University of Michigan Museum of Natural History Podcast
Science Café: Oil and Soil: The Forces of Climate Change

Science Café: Oil and Soil: The Forces of Climate Change

December 18, 2019

A discussion on the politics of oil, water, and food production and how they are deeply intertwined with human-caused climate change and political upheaval, especially in the Middle East.  

  • Jennifer Blesh, Assistant Professor of Environment and Sustainability, U-M School for Environment and Sustainability
  • Juan Cole, Professor of History and Director for U-M Center for Middle Eastern and North African Studies 

Sponsored by Science for the People and MC²: Michigan & the Climate Crisis which is presented in conjunction with the Bicentennial LSA Theme Semester.

For more information on future Science Cafes, please visit our website

Lecture: The Human Era: Living in the Anthropocene

Lecture: The Human Era: Living in the Anthropocene

December 18, 2019

Today's geologic era—the Anthropocene—is dominated by human activity. In this talk, Ben van der Pluijm explored the impacts of a growing human population and our increasing needs for resources, such as food, water and energy, and solutions toward a thriving human society in this new era.

  • Ben van der Pluijm, B.R. Clark Collegiate Professor, U-M Department of Earth and Environmental Sciences

For more information on future Science Cafes, please visit our website

Science Café: Safeguarding Science: Expanding Access to Public Data

Science Café: Safeguarding Science: Expanding Access to Public Data

December 18, 2019

A discussion with U-M faculty and librarians participating in the national DataRefuge project, which looks to preserve, organize, and increase access to publicly-funded research data.

  • Jake Carlson, Research Data Services Manager, U-M Library
  • Paul Edwards, Professor of Information, School of Information and Professor of History, College of Literature, Science, and the Arts
  • Catherine Morse, Government Information, Law and Political Science Librarian
  • Justin Schell, Director, Shapiro Design Lab, U-M Library

For more information on future Science Cafes, please visit our website

Science Café: Can Nutrition, Stress, and Environmental Exposures Change Your DNA?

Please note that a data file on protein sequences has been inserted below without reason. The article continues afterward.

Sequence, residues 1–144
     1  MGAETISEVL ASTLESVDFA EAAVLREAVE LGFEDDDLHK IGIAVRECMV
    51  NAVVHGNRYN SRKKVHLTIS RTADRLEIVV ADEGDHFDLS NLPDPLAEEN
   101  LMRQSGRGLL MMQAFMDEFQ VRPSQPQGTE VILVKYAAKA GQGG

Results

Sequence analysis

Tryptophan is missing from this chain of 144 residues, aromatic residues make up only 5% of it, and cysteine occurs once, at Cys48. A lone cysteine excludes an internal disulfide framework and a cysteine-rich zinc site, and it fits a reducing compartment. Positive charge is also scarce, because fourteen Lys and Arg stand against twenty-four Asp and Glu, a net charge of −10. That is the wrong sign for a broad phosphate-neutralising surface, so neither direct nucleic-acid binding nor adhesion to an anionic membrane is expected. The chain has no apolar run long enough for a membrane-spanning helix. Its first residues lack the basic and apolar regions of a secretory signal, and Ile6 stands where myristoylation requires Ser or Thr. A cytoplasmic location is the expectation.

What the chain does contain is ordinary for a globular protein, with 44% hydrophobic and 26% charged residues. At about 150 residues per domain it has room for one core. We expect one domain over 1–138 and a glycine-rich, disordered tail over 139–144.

Science Café: Can Nutrition, Stress, and Environmental Exposures Change Your DNA?

December 18, 2019

A discussion on the biological effects of past nutrition, stress, and toxicant exposures on our health and well-being. Are these changes heritable? Can diet and exercise protect our DNA?

  • Kelly Bakulski and Dana Dolinoy of the U-M School of Public Health
  • Srijan Sen of the Department of Psychiatry at Michigan Medicine

For more information on future Science Cafes, please visit our website

Science Café: Ancient Climates, Future Climates: What Can the Deep Past Tell Us?

Science Café: Ancient Climates, Future Climates: What Can the Deep Past Tell Us?

December 18, 2019

A discussion on how the Earth's climate has changed many times, and the mechanisms of these changes may shed light on what we can expect in the future.  

  • Chris Poulsen, Professor and Chair of Earth and Environmental Sciences
  • Nathan Sheldon, Associate Professor Earth and Environmental Sciences, Associate Director of the Program in the Environment

For more information on future Science Cafes, please visit our website

Science Café: Has Particle Physics Fizzled?

Science Café: Has Particle Physics Fizzled?

December 18, 2019

In 2012, physicists at large particle accelerators such as the Large Hadron Collider (LHC) found evidence of the Higgs boson, long predicted by the Standard Model in physics. But since then, they have yet to find evidence of other predicted particles.

  • Dante Amidei, U-M Professor of Physics 
  • Aaron Pierce, U-M Professor of Physics and Director of the Michigan Center for Theoretical Physics

For more information on future Science Cafes, please visit our website

Science Café: The Bristle Mammoth Discovery

Science Café: The Bristle Mammoth Discovery

December 18, 2019

In the fall of 2015, a farmer near Chelsea discovered part of a mammoth skeleton and donated it to U-M.  U-M scientists discussed the excavation and early research on the Bristle Mammoth -- named for Jim and Melody Bristle on whose land it was found.

  • Professor Daniel C. Fisher, Director of the U-M Museum of Paleontology
  • Adam Rountrey, Collection Manager for Vertebrate Fossils, U-M Museum of Paleontology

For more information on future Science Cafes, please visit our website

Science Café: Cyanobacteria: Toxic tide or treasure?

Science Café: Cyanobacteria: Toxic tide or treasure?

July 30, 2019

You've probably heard of the harmful "algal" blooms in Lake Erie. These are caused by cyanobacteria (the organisms formerly known as blue-green algae), which grow in nutrient-rich water, often overpopulating due to fertilizer run-off. But did you know that cyanobacteria also absorb CO2 and that researchers are studying whether they might affect, or even mitigate, global warming? Learn about water quality and the carbon cycle, and discuss the possible policy implications. Join Vincent Denef of the University of Michigan's Department of Ecology and Evolutionary Biology, and Anthony Vecchiarelli of the Department of Molecular, Cellular, and Developmental Biology. 

  • Vincent Denef of the University of Michigan’s Department of Ecology and Evolutionary Biology
  • Anthony Vecchiarelli of the Department of Molecular, Cellular, and Developmental Biology.

For more information on future Science Cafes, please visit our website

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